Former SoBro Exec & Founder Suggests Moving Madison Square Garden to The Bronx

Madison Square Garden / Via Wikipedia by Rich Mitchell

In a letter to the editors of Crain’s, Michael J Gill, one of the founders of the South Bronx Overall Economic Corporation and former chairman of the little loved SoBro, is proposing that the Yankees owner Hank Steinbrenner, along with Bronx Borough President Ruben Diaz Jr, consider moving the legendary Madison Square Garden to The Bronx.

Gill, who is currently a partner at the Bronx-based GillWright consulting firm, says in the letter that, “What is now known as the Yankee Stadium area could become New York City’s year-round Sports Village USA. Restaurants, other establishments, condos and hotels further propelling the already well-advanced revivification of the South Bronx won’t be far behind. Before long the next generation of young professionals will want to live there or nearby.”

But what about current, existing residents?

Does Gill not recall that two years ago area residents successfully thwarted a Soccer Stadium in the same area which would have cost taxpayers over $500 million in tax breaks, grants, loans, and rent breaks?

Besides area residents not wanting to foot another bill for a sports complex, one of the primary concerns was the extra traffic it would bring and the soccer stadium would have only hosted a little over a dozen games a year.

He talks about the “revivification” of the South Bronx yet such sports complexes and projects have proven not to have such positive economic impacts in neighborhoods.

An article in The Atlantic last year say sport stadiums don’t deliver on economic promises:, “The basic idea is that sports stadiums typically aren’t a good tool for economic development,” said Victor Matheson, an economist at Holy Cross who has studied the economic impact of stadium construction for decades. When cities cite studies (often produced by parties with an interest in building the stadium) touting the impact of such projects, there is a simple rule for determining the actual return on investment, Matheson said: “Take whatever number the sports promoter says, take it and move the decimal one place to the left. Divide it by ten, and that’s a pretty good estimate of the actual economic impact.”

Gill goes on to talk about the impact of traffic the arena would have on the neighborhood and says, “Getting to Yankee Stadium is an easy and fun ride on the subway or Metro-North—an instant-camaraderie experience for fans. Plus, it’s time to take advantage of the close-by, easy-walking-distance of the Harlem River. Imagine the fun and the visual splendor of arriving for a game by ferry.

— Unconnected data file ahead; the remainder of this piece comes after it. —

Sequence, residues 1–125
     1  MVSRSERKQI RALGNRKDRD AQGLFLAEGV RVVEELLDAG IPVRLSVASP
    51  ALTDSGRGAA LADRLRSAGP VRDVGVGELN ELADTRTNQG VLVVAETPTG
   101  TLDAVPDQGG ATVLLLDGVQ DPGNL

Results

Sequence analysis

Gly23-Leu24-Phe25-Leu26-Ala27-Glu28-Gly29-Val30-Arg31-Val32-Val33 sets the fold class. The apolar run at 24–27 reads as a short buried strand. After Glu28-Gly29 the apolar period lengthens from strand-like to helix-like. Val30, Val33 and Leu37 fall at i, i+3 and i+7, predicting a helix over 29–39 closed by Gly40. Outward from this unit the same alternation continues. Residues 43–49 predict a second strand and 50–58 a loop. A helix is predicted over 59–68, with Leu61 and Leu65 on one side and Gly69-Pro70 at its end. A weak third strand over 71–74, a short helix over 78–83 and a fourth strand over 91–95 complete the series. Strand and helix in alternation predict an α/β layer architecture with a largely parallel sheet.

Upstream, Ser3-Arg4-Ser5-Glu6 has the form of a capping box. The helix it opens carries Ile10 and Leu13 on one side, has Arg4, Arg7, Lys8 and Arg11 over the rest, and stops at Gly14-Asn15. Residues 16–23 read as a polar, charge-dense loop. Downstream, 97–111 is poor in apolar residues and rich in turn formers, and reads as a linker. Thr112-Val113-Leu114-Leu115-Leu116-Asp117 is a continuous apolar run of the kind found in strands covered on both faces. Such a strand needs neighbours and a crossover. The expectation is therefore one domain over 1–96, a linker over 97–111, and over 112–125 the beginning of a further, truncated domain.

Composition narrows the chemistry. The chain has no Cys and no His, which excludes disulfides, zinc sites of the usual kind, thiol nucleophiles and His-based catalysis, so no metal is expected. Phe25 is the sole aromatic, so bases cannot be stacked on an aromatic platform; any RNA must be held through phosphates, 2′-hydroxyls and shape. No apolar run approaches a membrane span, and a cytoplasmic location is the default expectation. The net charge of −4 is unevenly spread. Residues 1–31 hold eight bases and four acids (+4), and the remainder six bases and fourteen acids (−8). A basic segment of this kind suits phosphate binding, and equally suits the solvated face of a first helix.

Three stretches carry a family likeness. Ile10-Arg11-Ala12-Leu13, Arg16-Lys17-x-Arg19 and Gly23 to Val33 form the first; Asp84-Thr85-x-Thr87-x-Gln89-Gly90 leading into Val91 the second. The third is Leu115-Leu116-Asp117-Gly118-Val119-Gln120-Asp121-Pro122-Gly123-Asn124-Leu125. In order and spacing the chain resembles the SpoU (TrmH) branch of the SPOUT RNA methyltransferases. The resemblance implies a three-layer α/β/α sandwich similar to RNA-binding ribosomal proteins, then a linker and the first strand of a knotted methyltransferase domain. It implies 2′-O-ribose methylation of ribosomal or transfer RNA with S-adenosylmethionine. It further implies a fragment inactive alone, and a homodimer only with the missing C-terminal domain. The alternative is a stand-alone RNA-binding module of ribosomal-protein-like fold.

“For fans who prefer to drive, the area has plenty of parking. Moreover, the highways and streets won’t be as jammed for a 20,000-fan basketball or hockey game as for a 50,000-fan baseball game.”

Easy and fun ride on the subway? Has he ever been on a regularly packed rush hour 4 train? Has he ever taken a ride on the 4 train during rush hour AND there’s a game going on?

Vehicular traffic is already pretty abysmal given the courts in the area and when the Yankees are playing residents and local employees are forced to find alternate routes to the Major Deegan as 161st Street us closed off from Sheridan all the way west towards the stadium.

Gill also conveniently leaves out that it’s not just sporting events that take place but concerts and and the circus take place year round. Imagine the nightmare of say 80,000 people or more descending at the same time in the area.

As nice as this idea may sound for creating a major sports complex in The Bronx, we should, instead of fantasizing and having our heads in the clouds, learn from history and the mistakes of the past and think of true economic development that will uplift our residents not displace them further.

Let’s hope Ruben Diaz Jr is smart enough not to even touch this one as with his miserably failed attempt and then backtracking his support for the soccer stadium.

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Ed García Conde

Ed García Conde is a life-long Bronxite who spends his time documenting the people, places, and things that make the borough a special place in the hopes of dispelling the negative stereotypes associated with The Bronx. His writings are often cited by mainstream media and is often consulted for his expertise on the borough's rich history.